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Edinburgh-based financial services worker Sammie Armitage is one of thousands of care experienced young people in Scotland. 

The 24-year-old recently celebrated her first anniversary working as part of Standard Life’s customer relationship team. 

Sammie was in care from the age of 13 and was referred to Skills Development Scotland (SDS) career services by her throughcare worker three years later. That’s when she met careers adviser Joanne Holmes in SDS’s Shandwick Place centre. 

“I knew when I met Joanne that I could trust her. When you’ve been in care, you get good at that kind of thing. I could see she was so genuine, she wanted to help, that she really cared and that really helped me,” said Sammie.

She felt able to access the SDS services in a way that suited her, be that drop-in to use the centre resources, appointments arranged by her support worker to have some in-depth discussions with an adviser, meetings with an SDS partner organisation and activity drop-ins targeted at care leavers. 

After lots of temporary jobs in the hospitality industry Sammie saw a customer operations representative job opportunity with Standard Life. Due to the type of work in the financial service sector, the application process was long and involved a lot of commitment and effort for Sammie. She was given lots of support by Joanne. 

“When I got the job, I didn’t mind how long or how stressful it had been, because I knew I wouldn’t have gotten to where I wanted to be otherwise,” explained Sammie.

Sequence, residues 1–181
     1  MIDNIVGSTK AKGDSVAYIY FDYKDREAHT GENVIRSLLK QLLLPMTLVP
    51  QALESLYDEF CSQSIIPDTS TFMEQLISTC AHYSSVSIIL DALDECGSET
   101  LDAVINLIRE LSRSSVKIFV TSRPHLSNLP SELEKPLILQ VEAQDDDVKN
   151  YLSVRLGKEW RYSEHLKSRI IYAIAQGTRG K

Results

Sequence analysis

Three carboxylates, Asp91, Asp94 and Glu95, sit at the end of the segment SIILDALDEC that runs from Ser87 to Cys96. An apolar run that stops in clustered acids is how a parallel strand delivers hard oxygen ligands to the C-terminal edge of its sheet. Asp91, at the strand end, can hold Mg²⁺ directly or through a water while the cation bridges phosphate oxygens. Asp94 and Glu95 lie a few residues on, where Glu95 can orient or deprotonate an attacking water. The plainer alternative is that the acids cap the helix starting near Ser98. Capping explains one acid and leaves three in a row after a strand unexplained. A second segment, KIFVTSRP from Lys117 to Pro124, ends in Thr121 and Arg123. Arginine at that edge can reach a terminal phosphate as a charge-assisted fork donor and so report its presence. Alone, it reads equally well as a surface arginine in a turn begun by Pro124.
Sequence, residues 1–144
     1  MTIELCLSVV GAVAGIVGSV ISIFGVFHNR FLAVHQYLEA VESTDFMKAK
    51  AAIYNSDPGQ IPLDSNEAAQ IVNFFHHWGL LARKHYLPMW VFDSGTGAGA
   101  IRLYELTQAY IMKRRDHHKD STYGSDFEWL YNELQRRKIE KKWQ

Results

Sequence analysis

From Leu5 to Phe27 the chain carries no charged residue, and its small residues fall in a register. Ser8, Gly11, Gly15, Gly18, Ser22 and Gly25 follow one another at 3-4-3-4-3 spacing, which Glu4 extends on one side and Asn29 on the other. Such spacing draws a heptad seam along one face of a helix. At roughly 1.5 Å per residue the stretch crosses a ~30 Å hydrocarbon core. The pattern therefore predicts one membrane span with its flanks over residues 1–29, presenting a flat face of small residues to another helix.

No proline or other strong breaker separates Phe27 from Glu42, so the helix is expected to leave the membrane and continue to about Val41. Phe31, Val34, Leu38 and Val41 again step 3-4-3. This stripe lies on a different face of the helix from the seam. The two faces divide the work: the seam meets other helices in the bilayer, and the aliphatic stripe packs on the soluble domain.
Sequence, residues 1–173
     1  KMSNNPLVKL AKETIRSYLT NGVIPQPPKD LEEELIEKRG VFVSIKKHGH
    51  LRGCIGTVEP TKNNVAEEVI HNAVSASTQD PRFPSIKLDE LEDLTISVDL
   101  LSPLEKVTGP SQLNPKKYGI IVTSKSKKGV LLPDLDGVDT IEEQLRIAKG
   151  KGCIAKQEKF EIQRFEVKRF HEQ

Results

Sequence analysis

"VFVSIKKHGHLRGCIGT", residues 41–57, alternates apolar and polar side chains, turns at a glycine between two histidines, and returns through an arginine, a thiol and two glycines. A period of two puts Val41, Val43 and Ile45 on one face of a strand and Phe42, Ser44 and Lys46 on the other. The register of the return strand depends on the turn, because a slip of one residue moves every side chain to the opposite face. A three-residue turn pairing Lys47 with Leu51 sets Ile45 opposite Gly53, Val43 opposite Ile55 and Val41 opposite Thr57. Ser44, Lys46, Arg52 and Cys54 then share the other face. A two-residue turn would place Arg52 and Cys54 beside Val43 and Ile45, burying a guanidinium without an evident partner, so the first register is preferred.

“Sammie has worked very hard to overcome self-doubt and bounce back from negative experiences, focussing instead on what she has learned, then moving on."

Joanne Holmes, careers adviser

Since joining Standard Life Sammie has been promoted and is a Security Champion and a Digital Champion for the global investment company. "The team I work with is like a big family and our management show they really care about people," she said.

 

Joanne believes Sammie's ambition and drive to achieve her professional and personal goals has never wavered. She said: "Sammie has always had a long-term view that she wanted things to change, but faced barriers including housing and health issues.

Sammie has worked very hard to overcome self-doubt and bounce back from negative experiences, focussing instead on what she has learned, then moving on. She showed resilience from the start and built on this with encouragement from trusted advisers. 

Joanne added: By taking a consistently supportive and open approach with her, we have achieved this trust. The ability to listen was important and Sammie appreciated having advisers who were available, approachable, non-judgemental and could also provide practical support.” 

Sammie has been in touch with SDS recently to discuss in-work support and further training options. 

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